Make Your Own Exercises From Fiddle Tunes

There are exercises hidden within any music piece that you’re learning. Take note of anything that challenges you in that piece. When you focus on an obstacle it becomes the perfect exercise to help you develop the skill you need to play the song.

Here’s How To Make You Own Exercises

  • Play a tune
  • Identify the hard parts
  • Just practice the hard parts
  • Once you get them, make them a little bit harder
  • Return to the tune
Let’s dive deeper into how to make up your own exercises. That way you can learn anything on your own. Any song, style or instrument. Let’s go…

What’s difficult about this song?

Let’s use The Irish Washerwoman as an example.

First, you have to be able to identify what is difficult for you. A teacher can point this out. If you don’t have a teacher, then you can be your own teacher. Try to pay attention to what are the hard parts and then practice them.

If you’re using sheet music, simply bracket all the hard parts with a pencil. I still do this with things I’m learning. Here’s an example from a book called Melodius Double Stops that I’m practicing:

Notice that I bracket larger sections as well little 2-3 note challenges. Once I have marked up the music, I only practice the exercises. This makes for more efficient use of my practice time. It’s maybe the essential idea of Deliberate Practice.

If you’re not sure what the hard parts are, then simply record yourself playing the tune or piece. Then, listen back to the recording and identify the parts that are difficult for you. Take note of these difficult parts in your practice journal and then work on them by creating exercises.

In the tune The Irish Washerwoman, the very first quarter presents some challanges:


After playing through it a few times you may notice that A1-D3 is particularly hard. To quote Colonel Hans Landa from the movie Inglourious Basterds THAT’S A BINGO!

Now that you’ve identified the difficult part, you’re ready to make exercises to practice it. Yes!


Note: a good practice strategy is to play each note twice on difficult parts.

How to practice the difficult parts

Let’s make exercises from each difficult part and practice the exercise in four ways:

  1. Just practice the motion
  2. Single, slow repetitions
  3. Looping
  4. Slower, faster
  5. Transposing

Once you’ve identified your exercise, practice the motions without even making sound. Relax the hands and breathe. Once you work out the motions, you might find that you feel joy with the simple act of doing the motion. Learn more here.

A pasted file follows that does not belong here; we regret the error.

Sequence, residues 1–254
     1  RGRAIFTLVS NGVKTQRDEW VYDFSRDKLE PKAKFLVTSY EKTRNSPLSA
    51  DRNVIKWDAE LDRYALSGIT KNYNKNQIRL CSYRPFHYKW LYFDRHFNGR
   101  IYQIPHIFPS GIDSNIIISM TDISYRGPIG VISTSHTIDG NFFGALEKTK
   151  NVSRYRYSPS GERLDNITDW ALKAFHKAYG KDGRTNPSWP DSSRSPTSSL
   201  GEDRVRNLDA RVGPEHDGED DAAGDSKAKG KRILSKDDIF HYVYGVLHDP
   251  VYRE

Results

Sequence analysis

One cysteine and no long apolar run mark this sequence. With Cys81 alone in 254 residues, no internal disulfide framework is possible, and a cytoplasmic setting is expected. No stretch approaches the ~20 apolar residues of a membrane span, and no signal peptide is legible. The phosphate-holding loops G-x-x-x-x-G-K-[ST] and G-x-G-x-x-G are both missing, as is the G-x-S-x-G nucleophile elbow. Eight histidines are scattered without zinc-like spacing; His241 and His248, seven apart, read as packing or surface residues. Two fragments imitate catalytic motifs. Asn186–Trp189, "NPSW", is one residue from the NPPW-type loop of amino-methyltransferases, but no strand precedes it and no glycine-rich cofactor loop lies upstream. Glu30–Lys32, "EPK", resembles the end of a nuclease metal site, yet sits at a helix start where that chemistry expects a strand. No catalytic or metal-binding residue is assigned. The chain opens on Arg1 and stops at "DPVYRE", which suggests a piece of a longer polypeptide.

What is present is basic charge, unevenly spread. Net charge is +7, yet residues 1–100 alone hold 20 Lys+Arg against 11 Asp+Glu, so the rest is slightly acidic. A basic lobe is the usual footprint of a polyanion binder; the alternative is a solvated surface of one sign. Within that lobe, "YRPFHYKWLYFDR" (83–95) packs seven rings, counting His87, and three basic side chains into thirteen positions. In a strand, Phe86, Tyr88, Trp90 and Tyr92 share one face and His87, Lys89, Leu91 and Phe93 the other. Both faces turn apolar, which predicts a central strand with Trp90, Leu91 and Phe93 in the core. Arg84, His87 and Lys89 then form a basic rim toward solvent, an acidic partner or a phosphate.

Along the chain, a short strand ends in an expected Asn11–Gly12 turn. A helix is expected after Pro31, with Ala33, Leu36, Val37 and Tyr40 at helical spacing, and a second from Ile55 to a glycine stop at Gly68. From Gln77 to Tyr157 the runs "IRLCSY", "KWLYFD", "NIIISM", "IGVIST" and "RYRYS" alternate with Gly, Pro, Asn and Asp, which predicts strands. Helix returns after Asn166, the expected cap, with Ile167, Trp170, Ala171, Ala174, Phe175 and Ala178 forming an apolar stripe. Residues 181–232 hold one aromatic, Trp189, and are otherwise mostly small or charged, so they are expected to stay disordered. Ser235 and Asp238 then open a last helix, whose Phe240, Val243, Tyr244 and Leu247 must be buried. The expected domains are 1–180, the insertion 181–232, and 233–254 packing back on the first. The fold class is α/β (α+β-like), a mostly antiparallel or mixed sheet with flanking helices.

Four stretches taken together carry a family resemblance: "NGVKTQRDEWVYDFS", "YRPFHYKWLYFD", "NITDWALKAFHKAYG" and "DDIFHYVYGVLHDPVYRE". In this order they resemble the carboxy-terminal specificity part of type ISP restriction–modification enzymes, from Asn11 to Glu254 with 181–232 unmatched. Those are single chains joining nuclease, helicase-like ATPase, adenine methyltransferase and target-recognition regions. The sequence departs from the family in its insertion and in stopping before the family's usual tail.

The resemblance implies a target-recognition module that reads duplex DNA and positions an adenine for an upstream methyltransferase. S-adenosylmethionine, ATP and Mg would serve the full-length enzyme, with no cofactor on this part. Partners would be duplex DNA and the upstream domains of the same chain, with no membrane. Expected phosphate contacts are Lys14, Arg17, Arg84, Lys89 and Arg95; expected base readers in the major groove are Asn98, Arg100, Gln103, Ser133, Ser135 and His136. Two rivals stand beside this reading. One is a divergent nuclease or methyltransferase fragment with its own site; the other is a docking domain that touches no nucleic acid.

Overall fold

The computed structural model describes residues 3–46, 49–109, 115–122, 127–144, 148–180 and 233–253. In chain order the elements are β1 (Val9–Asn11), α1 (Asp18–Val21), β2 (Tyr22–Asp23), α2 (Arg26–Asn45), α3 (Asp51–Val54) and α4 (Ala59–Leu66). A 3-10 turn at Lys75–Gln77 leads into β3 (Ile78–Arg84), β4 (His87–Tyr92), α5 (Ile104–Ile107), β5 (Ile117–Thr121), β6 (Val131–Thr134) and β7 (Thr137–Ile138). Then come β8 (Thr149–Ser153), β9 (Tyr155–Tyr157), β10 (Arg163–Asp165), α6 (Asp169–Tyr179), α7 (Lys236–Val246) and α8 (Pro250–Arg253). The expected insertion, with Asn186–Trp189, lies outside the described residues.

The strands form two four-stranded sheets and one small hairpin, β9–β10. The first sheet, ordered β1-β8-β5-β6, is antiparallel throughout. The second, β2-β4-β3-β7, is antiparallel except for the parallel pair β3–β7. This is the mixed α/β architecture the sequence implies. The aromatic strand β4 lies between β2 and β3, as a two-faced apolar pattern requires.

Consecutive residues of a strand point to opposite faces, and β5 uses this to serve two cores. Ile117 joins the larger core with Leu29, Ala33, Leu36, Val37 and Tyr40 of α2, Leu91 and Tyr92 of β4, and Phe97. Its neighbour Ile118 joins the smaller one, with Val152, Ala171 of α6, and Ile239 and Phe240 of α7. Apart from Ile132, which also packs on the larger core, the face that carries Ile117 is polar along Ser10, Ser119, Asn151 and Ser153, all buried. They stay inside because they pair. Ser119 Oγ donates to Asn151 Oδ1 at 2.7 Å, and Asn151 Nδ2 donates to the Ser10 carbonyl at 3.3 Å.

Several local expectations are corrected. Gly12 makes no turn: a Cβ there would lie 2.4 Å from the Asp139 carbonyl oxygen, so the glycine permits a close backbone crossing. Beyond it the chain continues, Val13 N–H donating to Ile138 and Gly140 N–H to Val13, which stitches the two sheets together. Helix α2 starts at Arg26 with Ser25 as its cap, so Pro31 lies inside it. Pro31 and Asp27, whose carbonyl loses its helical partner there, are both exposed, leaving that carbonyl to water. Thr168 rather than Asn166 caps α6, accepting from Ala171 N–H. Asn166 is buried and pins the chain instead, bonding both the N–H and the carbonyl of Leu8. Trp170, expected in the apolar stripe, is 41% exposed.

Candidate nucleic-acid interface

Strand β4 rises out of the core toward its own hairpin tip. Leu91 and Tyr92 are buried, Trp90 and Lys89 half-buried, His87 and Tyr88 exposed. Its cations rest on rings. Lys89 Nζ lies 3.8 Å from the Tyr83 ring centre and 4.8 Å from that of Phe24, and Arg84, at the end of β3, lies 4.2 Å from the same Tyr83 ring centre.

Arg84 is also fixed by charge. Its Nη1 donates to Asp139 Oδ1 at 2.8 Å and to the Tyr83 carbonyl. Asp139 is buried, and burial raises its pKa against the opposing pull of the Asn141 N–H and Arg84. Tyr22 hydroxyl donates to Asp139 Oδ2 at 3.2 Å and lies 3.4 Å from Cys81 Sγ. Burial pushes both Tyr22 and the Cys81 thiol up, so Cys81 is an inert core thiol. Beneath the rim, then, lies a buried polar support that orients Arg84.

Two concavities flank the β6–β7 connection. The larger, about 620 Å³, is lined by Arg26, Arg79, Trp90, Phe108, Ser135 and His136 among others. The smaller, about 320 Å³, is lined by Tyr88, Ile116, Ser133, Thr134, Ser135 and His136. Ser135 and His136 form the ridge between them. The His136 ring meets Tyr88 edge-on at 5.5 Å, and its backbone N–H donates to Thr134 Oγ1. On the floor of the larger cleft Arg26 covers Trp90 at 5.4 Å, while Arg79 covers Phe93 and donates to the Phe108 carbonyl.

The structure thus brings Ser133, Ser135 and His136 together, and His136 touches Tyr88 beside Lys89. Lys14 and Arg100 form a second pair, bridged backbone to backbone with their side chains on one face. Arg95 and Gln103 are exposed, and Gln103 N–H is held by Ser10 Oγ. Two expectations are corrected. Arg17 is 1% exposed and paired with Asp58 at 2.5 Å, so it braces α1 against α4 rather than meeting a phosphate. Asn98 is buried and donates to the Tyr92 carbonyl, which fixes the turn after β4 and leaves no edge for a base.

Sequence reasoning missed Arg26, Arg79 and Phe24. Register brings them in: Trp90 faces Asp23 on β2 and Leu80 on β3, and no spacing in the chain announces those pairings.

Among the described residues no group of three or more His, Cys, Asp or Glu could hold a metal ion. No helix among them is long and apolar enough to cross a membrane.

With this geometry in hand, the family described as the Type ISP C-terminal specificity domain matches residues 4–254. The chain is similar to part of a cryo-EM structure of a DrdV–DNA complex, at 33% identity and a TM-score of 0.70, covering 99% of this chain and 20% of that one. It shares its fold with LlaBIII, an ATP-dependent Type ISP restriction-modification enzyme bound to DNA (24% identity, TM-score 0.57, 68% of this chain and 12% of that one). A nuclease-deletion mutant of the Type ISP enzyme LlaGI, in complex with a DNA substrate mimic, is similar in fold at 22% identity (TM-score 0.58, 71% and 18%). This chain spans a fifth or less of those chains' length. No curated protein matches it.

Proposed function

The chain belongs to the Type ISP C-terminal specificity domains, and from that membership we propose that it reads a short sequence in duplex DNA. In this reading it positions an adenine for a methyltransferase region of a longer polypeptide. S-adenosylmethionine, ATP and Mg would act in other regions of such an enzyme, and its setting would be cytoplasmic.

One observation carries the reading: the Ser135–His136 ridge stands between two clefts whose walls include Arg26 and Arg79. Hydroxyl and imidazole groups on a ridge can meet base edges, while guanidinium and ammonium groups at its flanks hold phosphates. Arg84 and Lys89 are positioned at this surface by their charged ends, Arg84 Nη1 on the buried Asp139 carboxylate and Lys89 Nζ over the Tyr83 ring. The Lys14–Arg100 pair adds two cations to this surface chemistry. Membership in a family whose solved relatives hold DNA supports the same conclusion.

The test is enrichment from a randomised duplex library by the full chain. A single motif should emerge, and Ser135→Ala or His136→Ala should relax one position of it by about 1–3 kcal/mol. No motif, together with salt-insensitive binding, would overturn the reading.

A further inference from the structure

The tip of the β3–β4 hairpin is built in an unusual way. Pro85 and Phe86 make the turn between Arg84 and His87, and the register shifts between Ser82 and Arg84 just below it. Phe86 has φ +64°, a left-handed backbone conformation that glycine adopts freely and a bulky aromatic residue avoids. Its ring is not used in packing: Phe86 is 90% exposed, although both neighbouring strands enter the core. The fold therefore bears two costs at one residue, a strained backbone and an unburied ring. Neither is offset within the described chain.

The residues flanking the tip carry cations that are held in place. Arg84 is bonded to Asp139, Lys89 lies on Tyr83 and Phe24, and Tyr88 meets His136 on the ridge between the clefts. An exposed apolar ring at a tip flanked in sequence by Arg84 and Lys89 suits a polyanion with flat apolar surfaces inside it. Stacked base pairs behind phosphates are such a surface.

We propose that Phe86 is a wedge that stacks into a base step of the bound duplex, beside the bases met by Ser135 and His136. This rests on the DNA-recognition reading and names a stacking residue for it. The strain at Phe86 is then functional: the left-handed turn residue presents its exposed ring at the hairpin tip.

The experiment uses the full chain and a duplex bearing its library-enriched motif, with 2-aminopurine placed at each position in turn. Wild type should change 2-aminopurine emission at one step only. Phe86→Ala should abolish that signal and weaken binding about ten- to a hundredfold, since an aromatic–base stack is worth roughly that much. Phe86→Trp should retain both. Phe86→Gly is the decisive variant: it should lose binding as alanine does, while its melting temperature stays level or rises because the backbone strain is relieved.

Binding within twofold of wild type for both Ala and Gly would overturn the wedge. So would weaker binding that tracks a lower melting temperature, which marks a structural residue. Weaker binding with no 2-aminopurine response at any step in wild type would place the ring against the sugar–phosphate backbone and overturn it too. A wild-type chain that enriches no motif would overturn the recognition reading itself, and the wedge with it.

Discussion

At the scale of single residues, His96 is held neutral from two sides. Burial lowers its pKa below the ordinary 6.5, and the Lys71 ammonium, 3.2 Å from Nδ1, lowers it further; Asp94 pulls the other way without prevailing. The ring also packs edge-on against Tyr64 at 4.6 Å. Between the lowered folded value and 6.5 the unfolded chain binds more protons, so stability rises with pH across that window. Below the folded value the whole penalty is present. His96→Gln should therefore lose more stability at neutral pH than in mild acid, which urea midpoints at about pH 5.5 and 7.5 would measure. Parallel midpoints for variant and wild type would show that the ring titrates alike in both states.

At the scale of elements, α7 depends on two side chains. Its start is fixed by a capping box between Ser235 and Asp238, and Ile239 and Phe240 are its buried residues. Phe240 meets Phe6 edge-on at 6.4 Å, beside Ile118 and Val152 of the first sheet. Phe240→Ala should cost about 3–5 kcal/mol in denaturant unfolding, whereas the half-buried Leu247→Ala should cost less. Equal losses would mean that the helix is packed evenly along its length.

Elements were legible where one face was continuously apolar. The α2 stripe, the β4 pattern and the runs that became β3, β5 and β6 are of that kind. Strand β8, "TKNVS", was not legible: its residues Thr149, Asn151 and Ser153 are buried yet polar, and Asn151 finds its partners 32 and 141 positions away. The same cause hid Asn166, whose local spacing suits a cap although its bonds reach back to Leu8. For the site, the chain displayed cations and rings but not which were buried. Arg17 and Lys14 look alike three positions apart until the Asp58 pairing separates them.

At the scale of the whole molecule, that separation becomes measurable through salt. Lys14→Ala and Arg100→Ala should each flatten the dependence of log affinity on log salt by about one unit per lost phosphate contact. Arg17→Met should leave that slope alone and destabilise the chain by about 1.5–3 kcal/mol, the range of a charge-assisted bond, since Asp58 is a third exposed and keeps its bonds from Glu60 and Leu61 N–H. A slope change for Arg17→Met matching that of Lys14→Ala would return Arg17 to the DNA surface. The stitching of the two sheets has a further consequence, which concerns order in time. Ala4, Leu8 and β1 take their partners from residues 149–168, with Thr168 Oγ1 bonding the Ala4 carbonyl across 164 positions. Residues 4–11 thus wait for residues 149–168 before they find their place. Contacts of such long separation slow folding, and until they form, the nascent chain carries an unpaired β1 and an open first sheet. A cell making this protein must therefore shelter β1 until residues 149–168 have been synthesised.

Next, practice the exercise with single reps. This allows your hands and ears to slowly learn and figure out the mechanics of that difficult piece. If necessary, return to just doing the motions.

What is actually hard? It might be just a single note. What part of your body is struggling with this? Are you getting tense and not breathing? During this step, experiment with different ways to do this difficult part. See if you can enjoy the feeling of movement in your hands.

Once you’ve worked out the mechanics, loop on the exercise. Looping is one of the best practice techniques you can do. You move from thinking to a state of playing and flow. This is where things start to sound like music…so it can be quite satisfying.

The repetition will help your hands learn and remember how to do it. You’ll also start to get a feeling of musical flow with the difficult part. 

After looping for a few minutes is it still difficult? It might be. If so, then go back to step one. Don’t be too proud to do this. Being able to take a step backward is ultimately a forward step.

If you can loop it with flow then repeat the process with all the other hard parts.

Make it a little harder!

Once you can play all the hidden exercises in a piece, make them a bit harder. This is called Desirable Difficulty. You improve that skill even further. Plus, when you return to the original exercise, it will be easier because you just played it in a more challenging way.

Ways to add Desirable Difficulty

Transpose it to another string. So for our Irish Washerwoman example, you can start on D3 or E3 instead of A3:



Sequence the transposition with the original into a bigger exercise. Once you can play the transposition, sequence it into a bigger exercise. I’ll start with the lowest version and move towards higher strings:

D1-G3-3-0-3-3-D1-G3-D1-3-L2-1 | A1-D3-3-0-3-3-A1-D3-A1-3-L2-1 | E1-A3-3-0-3-3-E1-A3-E1-3-L2-1

Play it super slow. If you do it with a metronome it becomes more challenging. This is also the Jedi knight way to play faster.

Play it at your fastest tempo. Again, use a metronome. If you can’t finish the exercise then you’re going to fast. Learn more here.

Play at different volumes. This may not be harder, but it will help you practice the exercise.

In conclusion

You don’t need to play through dry boring exercises to improve your fiddling. You can make up challenging exercises from the tunes you love.

You may find that once you can play difficult parts with confidence, that these become the most memorable parts of the tune for you, maybe even the parts you like best.

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